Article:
In the mid-twentieth century, African American travelers required the same types of services as their white counterparts. The Green Book’s listings were varied enough to enable young people coming to a strange city to arrive at the local YMCAs and YWCAs after finding a friendly taxi cab driver at the train station while also helping families find their way to a tourist home or musicians to a suitable hotel.

For African Americans traveling between the relative freedom of a hometown to less familiar places, the listings for gas stations, motels, and pharmacies ensured safe passage in distant towns. For guests traveling to large cities for social events, the publication helped travelers find dance halls and restaurants in a timely manner. As time passed, The Green Book grew to include a very wide range of establishment types that answered every possible traveling need.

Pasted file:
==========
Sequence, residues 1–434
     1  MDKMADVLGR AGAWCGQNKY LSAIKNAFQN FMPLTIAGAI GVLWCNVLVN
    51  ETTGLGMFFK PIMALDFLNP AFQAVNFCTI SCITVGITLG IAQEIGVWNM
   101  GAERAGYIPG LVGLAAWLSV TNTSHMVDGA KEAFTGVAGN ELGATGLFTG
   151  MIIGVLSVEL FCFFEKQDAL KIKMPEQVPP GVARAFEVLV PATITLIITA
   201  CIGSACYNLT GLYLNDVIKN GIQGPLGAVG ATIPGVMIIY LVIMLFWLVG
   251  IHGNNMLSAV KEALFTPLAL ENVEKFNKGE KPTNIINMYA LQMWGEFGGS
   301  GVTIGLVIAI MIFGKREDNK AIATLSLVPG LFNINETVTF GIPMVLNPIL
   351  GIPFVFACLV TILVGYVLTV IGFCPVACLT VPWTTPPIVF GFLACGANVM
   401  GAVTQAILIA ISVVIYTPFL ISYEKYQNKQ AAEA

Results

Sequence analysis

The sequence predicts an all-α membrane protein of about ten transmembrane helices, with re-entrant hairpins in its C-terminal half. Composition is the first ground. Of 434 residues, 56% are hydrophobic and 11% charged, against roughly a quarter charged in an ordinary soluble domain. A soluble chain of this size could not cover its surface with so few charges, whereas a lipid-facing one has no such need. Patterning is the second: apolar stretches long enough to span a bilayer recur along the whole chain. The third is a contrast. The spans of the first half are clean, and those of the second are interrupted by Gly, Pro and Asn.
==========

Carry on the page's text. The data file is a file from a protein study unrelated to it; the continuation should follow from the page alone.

813 S. McBride St. Syracuse, NY
422 Harrison St. Syracuse, NY


227 Lenox Ave. Harlem, NY

Tillie's Beauty

215 N. King Hampton, VA

Times Square Motor Hotel

255 W. 43rd St. Manhattan, NY

Tinsley Villa

Berlin, Maryland

Tip Top

1750 Fulton St. Brooklyn, NY

Tivoli Motel

3400 Brush Hollow Rd., Westbury Nassau , NY


112 New York Blvd. Jamaica, NY
112-27 New York Blvd. Jamaica, NY

Tom Delaney

7th Ave & 137th St. Harlem, NY

Tom Farrell's

128th St. and Convent Ave. Harlem, NY


Tompkins & Gates Ave Brooklyn, NY

Tom's Cabin

760 St. Nicholas Ave. Harlem, NY

Tom's Place (tavern)

Roanoke, VA

Top Club

151 E. 50th Street Manhattan, NY

Top Notch Cleaners and Laundry

515 Pleasant Street Hot Springs, AR


537 Marcy Ave. Brooklyn, NY


224 Ralph Ave. Brooklyn, NY


344 Jefferson Ave. Buffalo, NY


292 Williams St. Buffalo, NY

Town & Country Motor Lodge

2244 Tilloston Ave Bronx, NY